Post 1100 — On Thanksgiving

I do a reflective piece every 100 posts, because I like to take a step back, and share my heart with those who read me.  It is fun for me writing this blog, even more than when I wrote for RealMoney.  Why better than RealMoney?  For what I liked to write, I did not feel that I fit well there.  One RealMoney editor told me, “You’re our most profitable columnist.”  Surprised, I asked how that could be.  The answer was simple.  I wrote lots of comments (no pay), and the articles I wrote were both high quality, and long lasting.  The half life of an average article at RealMoney is a day, if that.  My articles were perhaps a month or more.  And, as Cody (Willard) said (something like this) to me over dinner several years ago, “Many of your comments are better than the articles on the site.  I print them out and take them home so that I can think them over.”  I love Cody — a good friend.

Today’s piece is on Thanksgiving.  We all have  lot to be thankful for, but sometimes it is helpful to be prompted and consider all of the ways that we are blessed.

  • Your health could be worse.  A wide number of accidents/infections could have harmed you and did not.  I can count on two hands the close scrapes that could have killed me.
  • The food could be worse.  I don’t think that I have mentioned it before, but my hobby is cooking.  I am amazed at what supermarkets in the US offer today versus when I was a child.  The diversity is amazing, as are the places in the world that they come from.  It doesn’t hurt to have a large Asian market nearby.  (I am ready for my cooking event tomorrow — there will be 25 people here.)
  • The health of your children could be worse.  Two of my eight children nearly died while they were young.  Health for children across the world has improved dramatically over the last century.
  • Your economic situation could be worse.  Yes, there are problems, particularly today, but there have been markedly worse times and places to be alive in human history.  There are still dreadfully poor people in the world, but the lot of those worst off is still improving on average, though not everywhere.
  • Your national politics could be worse.  Compare the freedom of today against other eras.  In most places, the level of freedom is higher now than in most of history.  We complain about politics being nasty in the US, but hey, a close look at history would tell you that it has almost always been nasty.  And, when it has not been nasty, some of the worst results have occurred.  We do best with divided government in the US.
  • There could be more wars.  There are relatively few wars today, and what wars are going are relatively low intensity.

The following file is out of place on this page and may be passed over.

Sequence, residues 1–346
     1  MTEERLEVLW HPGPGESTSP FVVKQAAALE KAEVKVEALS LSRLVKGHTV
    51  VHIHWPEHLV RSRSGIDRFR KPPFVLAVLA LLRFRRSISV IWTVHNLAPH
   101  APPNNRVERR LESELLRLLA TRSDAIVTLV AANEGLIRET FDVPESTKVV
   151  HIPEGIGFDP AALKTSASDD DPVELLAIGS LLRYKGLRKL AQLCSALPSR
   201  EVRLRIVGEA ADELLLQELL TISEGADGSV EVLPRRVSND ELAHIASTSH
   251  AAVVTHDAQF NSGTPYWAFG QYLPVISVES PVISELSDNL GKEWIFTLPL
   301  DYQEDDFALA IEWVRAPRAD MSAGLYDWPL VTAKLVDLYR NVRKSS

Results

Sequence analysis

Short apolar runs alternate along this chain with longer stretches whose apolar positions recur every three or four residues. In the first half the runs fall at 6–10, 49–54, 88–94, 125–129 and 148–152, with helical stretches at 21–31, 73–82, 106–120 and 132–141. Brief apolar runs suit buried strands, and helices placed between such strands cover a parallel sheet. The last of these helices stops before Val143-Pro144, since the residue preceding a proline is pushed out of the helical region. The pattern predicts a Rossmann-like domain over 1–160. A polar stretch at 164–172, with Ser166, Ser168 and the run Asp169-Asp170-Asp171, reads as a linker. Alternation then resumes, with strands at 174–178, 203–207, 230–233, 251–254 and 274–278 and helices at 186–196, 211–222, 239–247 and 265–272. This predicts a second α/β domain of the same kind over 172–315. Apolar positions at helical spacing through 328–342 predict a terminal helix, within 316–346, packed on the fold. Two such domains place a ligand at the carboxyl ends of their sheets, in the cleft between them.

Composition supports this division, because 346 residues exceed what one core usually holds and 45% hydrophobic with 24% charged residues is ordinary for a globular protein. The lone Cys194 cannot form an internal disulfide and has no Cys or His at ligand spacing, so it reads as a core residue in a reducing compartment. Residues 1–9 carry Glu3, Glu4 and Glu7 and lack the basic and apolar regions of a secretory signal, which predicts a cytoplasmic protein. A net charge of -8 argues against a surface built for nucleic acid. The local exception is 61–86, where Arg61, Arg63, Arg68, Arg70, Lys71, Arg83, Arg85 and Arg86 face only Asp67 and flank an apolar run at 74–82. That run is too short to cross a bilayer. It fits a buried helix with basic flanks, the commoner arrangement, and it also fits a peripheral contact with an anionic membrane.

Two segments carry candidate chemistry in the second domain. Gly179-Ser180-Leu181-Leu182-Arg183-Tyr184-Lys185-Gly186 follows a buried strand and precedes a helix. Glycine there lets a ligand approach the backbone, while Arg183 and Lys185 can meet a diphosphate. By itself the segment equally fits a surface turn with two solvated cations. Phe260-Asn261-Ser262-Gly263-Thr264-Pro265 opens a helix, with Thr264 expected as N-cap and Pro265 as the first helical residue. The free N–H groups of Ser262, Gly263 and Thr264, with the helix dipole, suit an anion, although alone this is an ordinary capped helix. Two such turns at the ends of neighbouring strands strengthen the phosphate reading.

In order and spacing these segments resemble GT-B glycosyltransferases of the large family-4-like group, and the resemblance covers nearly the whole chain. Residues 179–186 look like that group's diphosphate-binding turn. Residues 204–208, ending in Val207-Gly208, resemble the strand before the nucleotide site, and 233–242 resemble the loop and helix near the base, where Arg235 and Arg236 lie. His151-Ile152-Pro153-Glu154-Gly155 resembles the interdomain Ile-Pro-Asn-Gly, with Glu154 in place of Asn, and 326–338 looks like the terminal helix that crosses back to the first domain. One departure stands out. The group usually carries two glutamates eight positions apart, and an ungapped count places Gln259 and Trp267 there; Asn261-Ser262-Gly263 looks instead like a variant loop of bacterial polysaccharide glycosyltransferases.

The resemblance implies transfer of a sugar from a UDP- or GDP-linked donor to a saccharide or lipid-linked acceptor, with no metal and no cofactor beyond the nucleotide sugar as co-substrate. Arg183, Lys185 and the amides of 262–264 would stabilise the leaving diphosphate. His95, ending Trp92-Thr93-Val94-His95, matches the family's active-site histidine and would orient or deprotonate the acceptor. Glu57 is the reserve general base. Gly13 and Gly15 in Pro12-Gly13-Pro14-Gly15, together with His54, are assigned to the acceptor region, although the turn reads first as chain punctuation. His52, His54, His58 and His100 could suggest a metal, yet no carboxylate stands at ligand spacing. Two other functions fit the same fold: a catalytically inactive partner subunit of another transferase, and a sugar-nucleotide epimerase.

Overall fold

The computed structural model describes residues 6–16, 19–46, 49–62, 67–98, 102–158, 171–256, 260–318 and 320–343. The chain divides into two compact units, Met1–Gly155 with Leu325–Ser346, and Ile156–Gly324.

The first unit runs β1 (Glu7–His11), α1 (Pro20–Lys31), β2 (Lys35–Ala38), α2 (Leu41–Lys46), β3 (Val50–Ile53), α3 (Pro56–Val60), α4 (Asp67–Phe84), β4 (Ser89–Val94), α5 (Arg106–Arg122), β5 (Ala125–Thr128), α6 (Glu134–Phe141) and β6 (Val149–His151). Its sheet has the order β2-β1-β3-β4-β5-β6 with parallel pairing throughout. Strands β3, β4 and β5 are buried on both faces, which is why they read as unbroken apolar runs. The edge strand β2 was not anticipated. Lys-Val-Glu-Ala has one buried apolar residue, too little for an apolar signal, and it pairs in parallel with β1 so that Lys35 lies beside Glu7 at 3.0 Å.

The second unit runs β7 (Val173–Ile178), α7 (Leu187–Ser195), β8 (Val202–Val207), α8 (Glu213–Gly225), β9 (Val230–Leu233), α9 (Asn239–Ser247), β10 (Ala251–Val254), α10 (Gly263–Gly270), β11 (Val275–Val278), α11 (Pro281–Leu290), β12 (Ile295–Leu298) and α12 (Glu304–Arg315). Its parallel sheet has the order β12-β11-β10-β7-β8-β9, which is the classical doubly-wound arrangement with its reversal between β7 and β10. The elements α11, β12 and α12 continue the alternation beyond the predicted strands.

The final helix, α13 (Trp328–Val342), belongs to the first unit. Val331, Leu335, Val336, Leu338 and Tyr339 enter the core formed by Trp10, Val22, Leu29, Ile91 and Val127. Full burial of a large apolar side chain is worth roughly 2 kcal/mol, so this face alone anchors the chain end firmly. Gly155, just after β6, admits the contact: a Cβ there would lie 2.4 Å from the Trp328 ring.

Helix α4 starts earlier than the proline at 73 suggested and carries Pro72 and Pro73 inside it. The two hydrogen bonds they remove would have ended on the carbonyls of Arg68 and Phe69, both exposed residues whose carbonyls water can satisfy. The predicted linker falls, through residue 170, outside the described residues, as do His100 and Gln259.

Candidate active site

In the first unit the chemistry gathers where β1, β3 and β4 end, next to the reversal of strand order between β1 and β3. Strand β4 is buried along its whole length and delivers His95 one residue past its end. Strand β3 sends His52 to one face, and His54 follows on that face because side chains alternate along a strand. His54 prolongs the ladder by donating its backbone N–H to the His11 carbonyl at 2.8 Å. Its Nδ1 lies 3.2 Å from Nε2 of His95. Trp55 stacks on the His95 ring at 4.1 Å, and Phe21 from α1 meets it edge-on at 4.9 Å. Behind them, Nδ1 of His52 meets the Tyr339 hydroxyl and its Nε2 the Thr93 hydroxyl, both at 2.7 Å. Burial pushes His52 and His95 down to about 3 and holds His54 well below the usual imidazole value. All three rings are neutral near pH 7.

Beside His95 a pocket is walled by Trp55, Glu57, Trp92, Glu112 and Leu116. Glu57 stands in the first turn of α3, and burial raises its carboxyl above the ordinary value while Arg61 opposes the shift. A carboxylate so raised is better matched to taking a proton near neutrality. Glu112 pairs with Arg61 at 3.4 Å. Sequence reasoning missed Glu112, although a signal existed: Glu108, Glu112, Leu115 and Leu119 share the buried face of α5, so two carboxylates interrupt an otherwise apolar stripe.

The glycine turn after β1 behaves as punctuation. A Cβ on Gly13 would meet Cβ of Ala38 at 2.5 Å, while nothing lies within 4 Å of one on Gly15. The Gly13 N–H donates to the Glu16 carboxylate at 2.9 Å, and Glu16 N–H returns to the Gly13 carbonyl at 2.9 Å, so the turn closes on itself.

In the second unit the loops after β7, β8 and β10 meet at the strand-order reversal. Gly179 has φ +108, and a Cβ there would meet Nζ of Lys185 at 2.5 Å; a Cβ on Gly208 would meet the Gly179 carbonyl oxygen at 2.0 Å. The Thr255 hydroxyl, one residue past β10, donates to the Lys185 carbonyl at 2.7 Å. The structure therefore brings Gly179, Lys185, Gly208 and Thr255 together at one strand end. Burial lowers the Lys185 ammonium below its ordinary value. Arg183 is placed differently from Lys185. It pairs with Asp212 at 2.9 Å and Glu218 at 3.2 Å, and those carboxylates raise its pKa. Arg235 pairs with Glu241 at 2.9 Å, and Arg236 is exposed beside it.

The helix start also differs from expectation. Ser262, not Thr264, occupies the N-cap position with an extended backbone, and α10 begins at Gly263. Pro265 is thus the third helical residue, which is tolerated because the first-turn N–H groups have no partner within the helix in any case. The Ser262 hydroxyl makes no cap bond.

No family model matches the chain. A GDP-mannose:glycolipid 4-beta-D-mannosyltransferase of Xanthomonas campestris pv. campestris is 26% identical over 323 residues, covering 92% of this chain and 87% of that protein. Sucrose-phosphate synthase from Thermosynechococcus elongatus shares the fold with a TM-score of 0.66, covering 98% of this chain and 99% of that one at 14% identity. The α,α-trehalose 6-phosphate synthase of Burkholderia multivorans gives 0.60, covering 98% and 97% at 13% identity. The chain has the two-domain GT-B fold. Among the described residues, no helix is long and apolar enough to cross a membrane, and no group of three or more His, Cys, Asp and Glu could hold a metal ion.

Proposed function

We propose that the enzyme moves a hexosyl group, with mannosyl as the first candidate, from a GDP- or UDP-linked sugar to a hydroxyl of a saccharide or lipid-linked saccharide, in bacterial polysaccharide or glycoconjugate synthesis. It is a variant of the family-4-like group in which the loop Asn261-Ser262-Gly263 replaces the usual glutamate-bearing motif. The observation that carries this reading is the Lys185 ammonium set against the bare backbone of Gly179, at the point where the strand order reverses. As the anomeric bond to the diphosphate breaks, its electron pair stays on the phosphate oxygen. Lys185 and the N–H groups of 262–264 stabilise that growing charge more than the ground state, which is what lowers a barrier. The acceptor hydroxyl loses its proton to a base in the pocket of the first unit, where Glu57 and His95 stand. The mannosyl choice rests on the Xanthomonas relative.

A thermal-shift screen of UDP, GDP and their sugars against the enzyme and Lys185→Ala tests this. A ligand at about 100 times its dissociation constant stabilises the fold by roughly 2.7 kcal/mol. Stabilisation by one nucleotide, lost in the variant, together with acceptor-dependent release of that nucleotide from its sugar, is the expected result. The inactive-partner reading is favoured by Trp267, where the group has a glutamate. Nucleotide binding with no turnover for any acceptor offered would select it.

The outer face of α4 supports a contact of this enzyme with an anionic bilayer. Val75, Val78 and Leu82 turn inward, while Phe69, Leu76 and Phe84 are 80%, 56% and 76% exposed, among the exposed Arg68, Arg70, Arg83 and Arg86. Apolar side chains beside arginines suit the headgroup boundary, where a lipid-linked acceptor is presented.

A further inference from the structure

You name it — things could be worse, and across human history, things have been worse.  In most of the world. we would not want to go back to “Golden Eras” of the past.  They would be a step down (or more) from what we have today.

Against Complaining

The opposite of Thanksgiving is complaining.  I want to discourage complaining in a few areas.  First, if you are thankful, avoid complaining about government officials.  Complain about policies, fine.  It is proper to be principled; it is wrong to be acidic to those who hold an office, even if they hold a wrong opinion.  Basic respect must be maintained even with 180-degree disagreement.  The office means more than the person holding it that you disagree with.

There are many who are angry over the losses they have felt, and want restitution should it be available.  But with most things in life, most small-to-moderate losses aren’t recoverable.

There are those that are irascible, and complain no matter what.  They live to complain.  Time to repent, and gain a new perspective.  Yes, things aren’t what they ought to be.  When are they ever that way?  Grow up, and embrace what is good amid imperfection.

Avoid envy.  Yes, there are those who have it better than you, and they don’t deserve it.  Be happy for them; yes, they don’t deserve it, but neither do you.  There are people in developing countries as deserving as you that don’t have 10% of  what you do, and should they hate you?

No, they shouldn’t, and neither should you hate those who have done well in bad times.  Let the courts try those who have committed fraud.  There will always be those who get away, yet God will try them in the end, and find them wanting.

But truly, you don’t deserve what you have, and yet you have it.  It is time to be grateful.  We all have more than we deserve in a fallen world.

Toward God